Indians hope to join elite

Henlopen Conference tennis is traditionally dominated by just a few schools: Caesar Rodney, Dover and Seaford. But the balance may have shifted in Indian River’s favor this year.
Coastal Point • RUSLANA LAMBERT: Ed Smith sends one back over the net during a recent practice at IR’s new tennis courts.Coastal Point • RUSLANA LAMBERT:
Ed Smith sends one back over the net during a recent practice at IR’s new tennis courts.

Last year, the Indians finished with a 7-7 overall record. But they very well could have established themselves as a powerhouse had they won another match here and there. In fact, they lost five matches (Seaford, Milford, Lake Forest, Smyrna and Dover) by a close team score of 3-2 — but that’s become old news.

Determined not to lose another match by one point, the Indians clocked heavy off-season workouts at Sea Colony and it looks like it’s paid off.

“This year, we’re stronger at our 1-2-3 positions,” said second doubles player Jordan Marvel. “We definitely have more talent than last year.”

Senior Fletcher Garrison noted that their serves were more powerful, consistent and hit with better pace because of the extra practice at Sea Colony.

“We’re pretty excited. All that hard work will payoff,” he said.

Garrison, Chad Brasure and Zack Mitchell round out head coach Sean Oates’ singles players — he just isn’t sure where they’ll end up.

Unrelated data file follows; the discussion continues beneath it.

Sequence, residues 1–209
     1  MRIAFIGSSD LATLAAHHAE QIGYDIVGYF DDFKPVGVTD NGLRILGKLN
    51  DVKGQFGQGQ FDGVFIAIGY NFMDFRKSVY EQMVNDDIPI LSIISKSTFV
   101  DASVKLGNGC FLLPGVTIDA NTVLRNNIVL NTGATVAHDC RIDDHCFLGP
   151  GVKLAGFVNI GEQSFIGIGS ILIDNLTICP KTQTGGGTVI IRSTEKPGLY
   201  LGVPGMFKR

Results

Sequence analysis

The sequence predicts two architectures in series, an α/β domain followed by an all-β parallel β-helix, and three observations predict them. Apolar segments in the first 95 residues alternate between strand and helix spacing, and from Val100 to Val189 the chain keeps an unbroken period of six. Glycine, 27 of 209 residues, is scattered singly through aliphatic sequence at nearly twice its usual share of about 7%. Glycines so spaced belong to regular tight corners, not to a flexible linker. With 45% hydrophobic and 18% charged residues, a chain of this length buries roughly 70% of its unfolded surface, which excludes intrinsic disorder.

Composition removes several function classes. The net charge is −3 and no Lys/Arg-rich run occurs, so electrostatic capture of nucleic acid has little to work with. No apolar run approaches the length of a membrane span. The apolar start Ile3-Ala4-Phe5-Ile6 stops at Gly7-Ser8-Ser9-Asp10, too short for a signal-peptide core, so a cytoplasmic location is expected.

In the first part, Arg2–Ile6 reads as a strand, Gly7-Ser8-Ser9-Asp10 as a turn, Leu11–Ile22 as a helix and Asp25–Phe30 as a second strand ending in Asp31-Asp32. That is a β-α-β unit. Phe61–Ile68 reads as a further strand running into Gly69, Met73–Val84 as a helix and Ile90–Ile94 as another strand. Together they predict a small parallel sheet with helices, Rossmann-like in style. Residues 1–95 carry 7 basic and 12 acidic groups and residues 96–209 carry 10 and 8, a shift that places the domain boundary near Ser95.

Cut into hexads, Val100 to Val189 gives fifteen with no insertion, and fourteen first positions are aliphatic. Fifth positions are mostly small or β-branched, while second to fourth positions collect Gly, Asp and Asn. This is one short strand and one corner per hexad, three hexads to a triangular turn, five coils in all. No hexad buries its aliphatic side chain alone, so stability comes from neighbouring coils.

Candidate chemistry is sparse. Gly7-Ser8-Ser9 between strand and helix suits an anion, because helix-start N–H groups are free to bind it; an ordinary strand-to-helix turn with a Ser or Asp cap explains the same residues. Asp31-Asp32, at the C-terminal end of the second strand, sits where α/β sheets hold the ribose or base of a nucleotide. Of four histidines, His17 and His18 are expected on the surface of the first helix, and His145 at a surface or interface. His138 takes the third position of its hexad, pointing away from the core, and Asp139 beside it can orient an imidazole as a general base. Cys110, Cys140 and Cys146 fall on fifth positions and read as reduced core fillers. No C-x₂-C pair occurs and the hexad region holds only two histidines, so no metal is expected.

“They are so competitive and they work so hard each day that it pushes them,” Oates said. “They don’t get better unless they push each other, and if they keep it up they’ll continue to improve every day.”

Having three equally talented singles players gives Oates the option of playing any one of them, playing their strengths against their opponents’.

Currently, Oates has Garrison returning at first singles after taking over that slot from Bobby Boyce late last year.

Garrison was more of a defensive, finesse player last year — relying on his opponent to make unforced errors. But this year Garrison is ready to cut loose.

Having had extra repetitions, Garrison completed the package by also bulking up over the past year. It might not be noticeable but it sure has made a difference.

“I can’t really notice it but people have said they could tell. So if that helps then I’ll keep doing it — except steroids. They’re bad and I won’t do them,” Garrison said.

Brasure moved to third singles late last year, but this will be Mitchell’s first singles play. He and Sean McMullen advanced to the second round of the state tournament in first doubles last year after defeating the No. 3 seed, St. Thomas More, 6-1, 6-0.

Oates’ singles players have the skills. Now they need more consistency — especially on their serves.

“They hit the ball too hard because they think they’re Andre Agassi,” he said. “We need to improve our serves. In singles you don’t want a weak second serve because they know it’s coming.”

Charlie Cole and Ed Smith moved up together from second to first doubles this year. Last year they nearly beat Seaford at the conference tournament where they would’ve played Caesar Rodney for the second doubles championship.

“They must have had a dozen match points in three sets,” Oates said. “For our doubles it’s all about the ability to focus.”

Tommy Reichart joins Marvel for second doubles, though it is possible that newcomer junior Danny Kleinstuber will push for playing time.

Indian River will kick off the season with four conference matches (Lake Forest, Seaford, Cape Henlopen and Smyrna) over the coming week, so they’ll have a good indication of where they stand early in the season. But Garrison already knows.

”If I was a wagering man, I would say that we will bring home the conference championship,” he said.